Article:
Local distiller makes inventive splash into growing market

Posted: April 21st, 2017 | Features, Food & Drink, Top Stories | No Comments

By Frank Sabatini Jr.

Jason Swinford is banking on the day consumers will demand locally made spirits, much like they do craft beer.

The trend has actually begun in niche circles around the globe, which is why he made the leap from food truck operator to budding distiller three years ago.

Jason Swinford at a still in his production room (Courtesy of Swinford Distillery)

More recently, he added a 400-square-foot tasting room to his Grantville-based business, Swinford Spirits, which produces artisan gin, plus vodka contained in self-infuser bottles, and Canadian whiskey he imports and enhances with toasted quinoa and organic ginger.

A resident of South Park, Swinford took an interest in making spirits through a course at Downslope Distilling near Denver and started experimenting with techniques when returning home. He previously owned Recess, a food truck from which he sold salads, burgers and sandwiches.

Craft cocktails such as this gin rosemary fizz are served in the tasting room (Courtesy of Swinford Spirits)

“I probably made about 100 gallons of gin at first that was absolute garbage. I had to throw it away,” he said. “Regardless what you’re taught in the courses, you have to get right in and start doing it.”

After persistent honing, he launched the distillery at 5980 Fairmount Ave., across the parking lot from Home Depot, and introduced a trio of branded spirits to the local market. His crisp Foxlore Gin (90 proof) is crafted with orange and lemon peel, as well as a touch of licorice root. As with his other two products, no sugar is added.

“Gin is the fastest growing spirit category in the world — up 14 percent globally,” he notes. “People who normally hate it are blown away when drinking this straight.”

Consumers become the flavor drivers when it comes to his 80-proof Lingo Vodka, which is made with organic wheat from northern Italy and distilled six times. It’s sold in BPA-free Tritan bottles with “infuser baskets” affixed to their wide screw caps.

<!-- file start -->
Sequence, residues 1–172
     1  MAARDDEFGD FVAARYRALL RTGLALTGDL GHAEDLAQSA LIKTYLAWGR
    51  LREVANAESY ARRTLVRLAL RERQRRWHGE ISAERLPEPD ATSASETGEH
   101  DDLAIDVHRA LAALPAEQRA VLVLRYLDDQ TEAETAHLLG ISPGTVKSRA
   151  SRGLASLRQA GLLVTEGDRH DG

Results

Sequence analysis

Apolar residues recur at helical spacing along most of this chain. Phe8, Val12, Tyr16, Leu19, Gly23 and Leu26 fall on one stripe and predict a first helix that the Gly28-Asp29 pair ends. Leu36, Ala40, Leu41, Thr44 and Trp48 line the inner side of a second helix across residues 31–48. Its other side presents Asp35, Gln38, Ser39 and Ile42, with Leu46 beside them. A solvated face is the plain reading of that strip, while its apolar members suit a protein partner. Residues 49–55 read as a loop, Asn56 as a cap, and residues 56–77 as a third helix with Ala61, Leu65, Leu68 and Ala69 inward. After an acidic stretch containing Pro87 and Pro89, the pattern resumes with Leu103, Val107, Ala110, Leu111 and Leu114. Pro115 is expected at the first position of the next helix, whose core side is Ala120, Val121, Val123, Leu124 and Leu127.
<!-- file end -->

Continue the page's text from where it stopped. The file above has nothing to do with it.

Swinford has a patent pending on the bottle design, which allows drinkers to infuse the vodka with everything from cinnamon and jalapenos to citrus, berries, roasted garlic or even bacon for making deluxe Bloody Marys. But there are limits.

“I screwed around once with Skittles and it was gross,” he quipped.

(l to r) Swinford’s vodka, whiskey and gin (Photo by Frank Sabatini Jr.)

Swinford’s Lumberjack Lily Whiskey (84 proof) is nutty and intriguingly spicy while maintaining the classic, light body of its Canadian pedigree. The quinoa and ginger in the recipe tamps down the masculine, smoky overtones inherent to the whiskey. Hence, he named it with the hopes of captivating the reported one-third of whiskey drinkers who are women.

“Whiskey is always marketed to men, and often with misogynistic messages. So with the words ‘Lumberjack’ and ‘Lily’ in the name, it makes people stop and think.”

When purchased from the tasting room, which doubles as a retail shop, both the whiskey and gin sell for $29 per bottle. The vodka, with its built-in infuser, is $22.

By state law, customers can purchase up to three bottles (to go) per day. Those dropping in for tastings are served a maximum of 1.5 ounces per person, per day. They can be sampled in $6 flights or in crafty cocktails for $8 each.

Slowly but surely, the Swinford label is gaining traction offsite. The products are currently distributed to 30 retailers throughout San Diego County — in liquor stores, restaurants, bars and markets. They include Bully’s East in Mission Valley, Pardon My French in Hillcrest, Spike Africa’s Fresh Fish Grill & Bar downtown, and Stump’s Family Marketplace in Ocean Beach.

Swinford has relied partly on social media to increase his branding. He also participates in events held by the San Diego Distillers Guild and offers his modernly appointed tasting room free of charge to local businesses seeking a space to hold private events and parties.

“What’s really exciting about the local distilling scene is that there’s a lot of camaraderie within it, just like there is in the craft beer scene,” he said. “We’re a niche group and people are still learning the differences between a distillery and a brewery. It’s important to make something that is both craft and accessible at a reasonable price point. I’m creating spirits because this is where the market is headed.”

Swinford Spirits is open from noon to 7 p.m., Wednesday through Saturday, and noon to 5 p.m. on Sundays. For more information, call 844-933-7465, or visit

—Frank Sabatini Jr. is the author of “Secret San Diego” (ECW Press) and began his local writing career as a staff writer for the former San Diego Tribune. Reach him at

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